W32.Netsky.AI@mm

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Discovered: April 27, 2005
Updated: February 13, 2007 12:38:04 PM
Also Known As: Win32.Mytob.DG [Computer Assoc, Win32.Netsky.AH [Computer Asso, Email-Worm.Win32.Mydoom.am [Ka, W32/Netsky.b@MM [McAfee], W32/Mytob-CI [Sophos], W32/Netsky-B [Sophos], WORM_MYTOB.EK [Trend Micro], WORM_NETSKY.B [Trend Micro]
Type: Worm
Systems Affected: Windows



W32.Netsky.AI@mm is a mass-mailing worm that uses its own SMTP engine to send itself to email addresses it gathers from certain files on the compromised computer, and copies itself to mapped network drives. The worm also downloads a copy of Backdoor.Nemog.D .

Antivirus Protection Dates

  • Initial Rapid Release version April 28, 2005
  • Latest Rapid Release version September 28, 2010 revision 054
  • Initial Daily Certified version April 28, 2005
  • Latest Daily Certified version September 28, 2010 revision 036
  • Initial Weekly Certified release date May 04, 2005

Click here for a more detailed description of Rapid Release and Daily Certified virus definitions.

Writeup By: Yana Liu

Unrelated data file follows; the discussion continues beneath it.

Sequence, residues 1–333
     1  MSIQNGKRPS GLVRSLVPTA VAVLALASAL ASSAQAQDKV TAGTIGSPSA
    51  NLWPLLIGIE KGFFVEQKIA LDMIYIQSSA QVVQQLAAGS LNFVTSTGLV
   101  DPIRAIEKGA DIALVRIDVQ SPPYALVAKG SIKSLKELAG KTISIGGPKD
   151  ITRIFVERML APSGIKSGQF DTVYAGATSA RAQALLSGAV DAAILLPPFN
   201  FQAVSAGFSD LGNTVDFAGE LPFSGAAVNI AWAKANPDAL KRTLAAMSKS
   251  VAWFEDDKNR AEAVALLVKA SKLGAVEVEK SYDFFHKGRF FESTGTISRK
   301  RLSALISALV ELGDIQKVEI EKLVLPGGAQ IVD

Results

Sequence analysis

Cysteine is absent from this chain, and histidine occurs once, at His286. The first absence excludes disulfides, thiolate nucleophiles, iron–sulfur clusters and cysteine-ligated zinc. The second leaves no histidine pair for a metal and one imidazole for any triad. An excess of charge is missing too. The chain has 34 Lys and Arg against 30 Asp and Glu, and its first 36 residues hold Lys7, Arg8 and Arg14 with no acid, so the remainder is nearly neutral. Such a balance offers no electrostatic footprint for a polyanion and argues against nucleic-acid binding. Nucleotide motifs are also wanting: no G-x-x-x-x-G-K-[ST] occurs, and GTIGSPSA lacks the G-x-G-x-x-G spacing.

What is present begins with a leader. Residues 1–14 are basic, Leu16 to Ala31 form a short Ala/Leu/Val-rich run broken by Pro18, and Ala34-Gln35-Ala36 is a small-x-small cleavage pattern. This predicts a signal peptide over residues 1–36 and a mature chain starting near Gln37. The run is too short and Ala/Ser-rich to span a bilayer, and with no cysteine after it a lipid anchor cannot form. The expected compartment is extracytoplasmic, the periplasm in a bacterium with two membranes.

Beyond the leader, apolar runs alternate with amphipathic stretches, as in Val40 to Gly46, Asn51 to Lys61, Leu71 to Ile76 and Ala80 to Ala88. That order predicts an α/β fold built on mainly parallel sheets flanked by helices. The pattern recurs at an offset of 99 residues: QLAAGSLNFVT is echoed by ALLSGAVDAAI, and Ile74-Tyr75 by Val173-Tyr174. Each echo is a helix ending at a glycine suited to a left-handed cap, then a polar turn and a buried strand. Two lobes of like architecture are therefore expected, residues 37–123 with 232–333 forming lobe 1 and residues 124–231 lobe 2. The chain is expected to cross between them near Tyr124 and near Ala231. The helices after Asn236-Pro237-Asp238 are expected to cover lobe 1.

Discovered: April 27, 2005
Updated: February 13, 2007 12:38:04 PM
Also Known As: Win32.Mytob.DG [Computer Assoc, Win32.Netsky.AH [Computer Asso, Email-Worm.Win32.Mydoom.am [Ka, W32/Netsky.b@MM [McAfee], W32/Mytob-CI [Sophos], W32/Netsky-B [Sophos], WORM_MYTOB.EK [Trend Micro], WORM_NETSKY.B [Trend Micro]
Type: Worm
Systems Affected: Windows


When W32.Netsky.AI@mm is executed, it performs the following actions:

  1. Gathers email addresses from files with the following extensions:

    • .msg
    • .oft
    • .sht
    • .dbx
    • .tbb
    • .adb
    • .doc
    • .wab
    • .asp
    • .uin
    • .rtf
    • .vbs
    • .html
    • .htm
    • .pl
    • .php
    • .txt
    • .eml

  2. Uses its own SMTP engine to send a copy of itself to the gathered email addresses. The email message typically has the following properties:

    From: Spoofed

    Subject:
    One of the following:

    • hello
    • hi
    • read it immediately
    • something for you
    • warning
    • information
    • stolen
    • fake
    • unknown

      Message:
      One of the following:

    • anything ok?
    • what does it mean?
    • ok
    • i'm waiting
    • read the details.
    • here is the document.
    • read it immediately!
    • my hero
    • here
    • is that true?
    • is that your name?
    • is that your account?
    • i wait for a reply!
    • is that from you?
    • you are a bad writer
    • I have your password!
    • something about you!
    • kill the writer of this document!
    • i hope it is not true!
    • your name is wrong
    • i found this document about you
    • yes, really?
    • that is bad
    • here it is
    • see you
    • greetings
    • stuff about you?
    • something is going wrong!
    • information about you
    • about me
    • from the chatter
    • here, the serials
    • here, the introduction
    • here, the cheats
    • that's funny
    • do you?
    • reply
    • take it easy
    • why?
    • thats wrong
    • misc